Earthquake Shakes Our Hearts
by Kendra Crossen
Someone called me at 6 AM this morning to tell me that Chile had been struck with an 8.8-magnitude earthquake, with tsunami warnings for the South American coast, Russia, and Hawai’i, and perhaps other Pacific areas. I asked, “Did you call me because you think that this is the ‘end of the world’ or a sign of Meher Baba’s Manifestation?” They said yes, that a phenomenon like this is part of the Manifestation Watch.
My first thought was Baba’s words, “Keep the mind quiet, steady, and firm.” I don’t feel comfortable with a reaction that is overexcited or even elated (at the idea of Divine Manifestation upon us), from someone who is not directly affected by the disaster in this moment. It is important to take events within the perspective of the larger picture of the purpose of life as Meher Baba has explained it.
In 1940 Baba foretold that “a time will come when people will even forget the war and the terrible destruction it has caused in life and property, for there will be further disasters, more voracious in their destructive power, like plagues and pestilences, fire and famine, floods and earthquakes of immense magnitude and force, all of which will take more toll of life and property than machine guns and bombs.” There has been no shortage of wars and disasters since he gave that warning. Yet we snap to attention at such words because on the gross level the events they describe stand out as being highly important, with large numbers of people killed or injured and tremendous visible chaos and destruction. In speaking of war, Baba reminds us that “suffering is generally symbolized by scenes of war: devastated houses, broken and bleeding limbs, the agonies of torture and death; but war does not embody any special suffering. People really suffer all the time. They suffer because they are not satisfied — they want more and more. War is more an outcome of the universal suffering of dissatisfaction than an embodiment of representative suffering. Through his greed, vanity and cruelty, man brings untold suffering upon himself and others.”
In times of such frightening events, even if we are not living near them, most of us feel upset for the people involved and the fear that we, too, might be on the receiving end of Nature’s wrath, sooner or later. But our perspective tends to be distorted by the illusion of the materialistic worldview and the belief that physical events are more important than invisible suffering — or more powerful than the subtle forces of divine help and healing that are always present at such times. The realm of duality is bound to upset us in ways large and small, especially if we are not centered in the faith that God is at work in whatever happens, and that whatever happens is part of a divine plan to awaken humanity to the true meaning of our existence.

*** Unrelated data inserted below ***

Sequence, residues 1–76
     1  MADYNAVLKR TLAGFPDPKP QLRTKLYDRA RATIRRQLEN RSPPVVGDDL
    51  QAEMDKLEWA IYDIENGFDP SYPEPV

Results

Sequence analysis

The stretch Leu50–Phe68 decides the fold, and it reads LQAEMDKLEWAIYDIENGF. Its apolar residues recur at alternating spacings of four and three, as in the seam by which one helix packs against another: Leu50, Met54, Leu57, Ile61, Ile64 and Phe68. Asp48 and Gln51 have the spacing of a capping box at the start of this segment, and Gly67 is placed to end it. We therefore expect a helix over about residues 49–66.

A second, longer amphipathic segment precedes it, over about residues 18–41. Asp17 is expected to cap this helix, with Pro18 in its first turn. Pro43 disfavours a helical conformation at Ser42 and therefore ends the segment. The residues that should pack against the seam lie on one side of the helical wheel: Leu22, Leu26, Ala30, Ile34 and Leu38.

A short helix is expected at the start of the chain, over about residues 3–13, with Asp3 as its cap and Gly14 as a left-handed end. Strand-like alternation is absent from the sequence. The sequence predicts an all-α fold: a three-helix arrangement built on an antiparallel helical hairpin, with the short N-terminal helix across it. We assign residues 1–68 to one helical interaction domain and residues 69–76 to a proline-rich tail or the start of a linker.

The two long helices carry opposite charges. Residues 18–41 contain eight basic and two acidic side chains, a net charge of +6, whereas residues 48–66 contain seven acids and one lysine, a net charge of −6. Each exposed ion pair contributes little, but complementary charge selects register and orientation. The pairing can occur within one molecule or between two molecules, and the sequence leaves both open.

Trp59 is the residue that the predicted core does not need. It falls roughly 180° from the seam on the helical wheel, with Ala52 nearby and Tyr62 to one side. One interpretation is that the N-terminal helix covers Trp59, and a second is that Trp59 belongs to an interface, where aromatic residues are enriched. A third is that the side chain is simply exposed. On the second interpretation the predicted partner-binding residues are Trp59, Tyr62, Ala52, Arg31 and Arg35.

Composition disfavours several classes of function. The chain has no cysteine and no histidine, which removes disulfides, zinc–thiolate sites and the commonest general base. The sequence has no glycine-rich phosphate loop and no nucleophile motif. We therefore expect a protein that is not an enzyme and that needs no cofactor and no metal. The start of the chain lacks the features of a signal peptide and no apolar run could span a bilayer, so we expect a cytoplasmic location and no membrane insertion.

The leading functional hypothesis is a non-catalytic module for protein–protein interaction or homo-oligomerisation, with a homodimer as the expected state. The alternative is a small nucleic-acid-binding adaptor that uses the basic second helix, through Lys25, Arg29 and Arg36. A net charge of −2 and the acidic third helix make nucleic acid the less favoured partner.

Compassion and empathy, prayer, help, service, and solace to those in need — all these are right responses to disaster and good ways to put aside fear. Thoughts and prayers do help others, even if one can do nothing else, because in reality we are all one, and there is no separation. We also need to reassure ourselves when the world seems so unstable because of dramatic negative events. It is at times like these that we must especially turn to Love: love for God, and God’s love for us. Part of loving God, Baba says, means that we suffer in the suffering of others and feel happy in the happiness of others. Moreover, “if, instead of worrying over our own misfortunes, we think of ourselves more fortunate than many, many others, we are loving God.” And “if we endure our lot with patience and contentment, accepting it as His Will, we are loving God.”
I think of Baba’s characterization of the Avatar as one who “is interested in everything but not concerned about anything. The slightest mishap may command his sympathy; the greatest tragedy will not upset him.” We may not be able to equal that perfect equanimity, but it is an ideal to hold up before us as we remember Meher Baba and thereby draw strength from his divine qualities. (“By allowing the mind to dwell upon the divine qualities of the Master, the aspirant imbibes them into his own being” — from the discourse “Types of Meditation: V.”)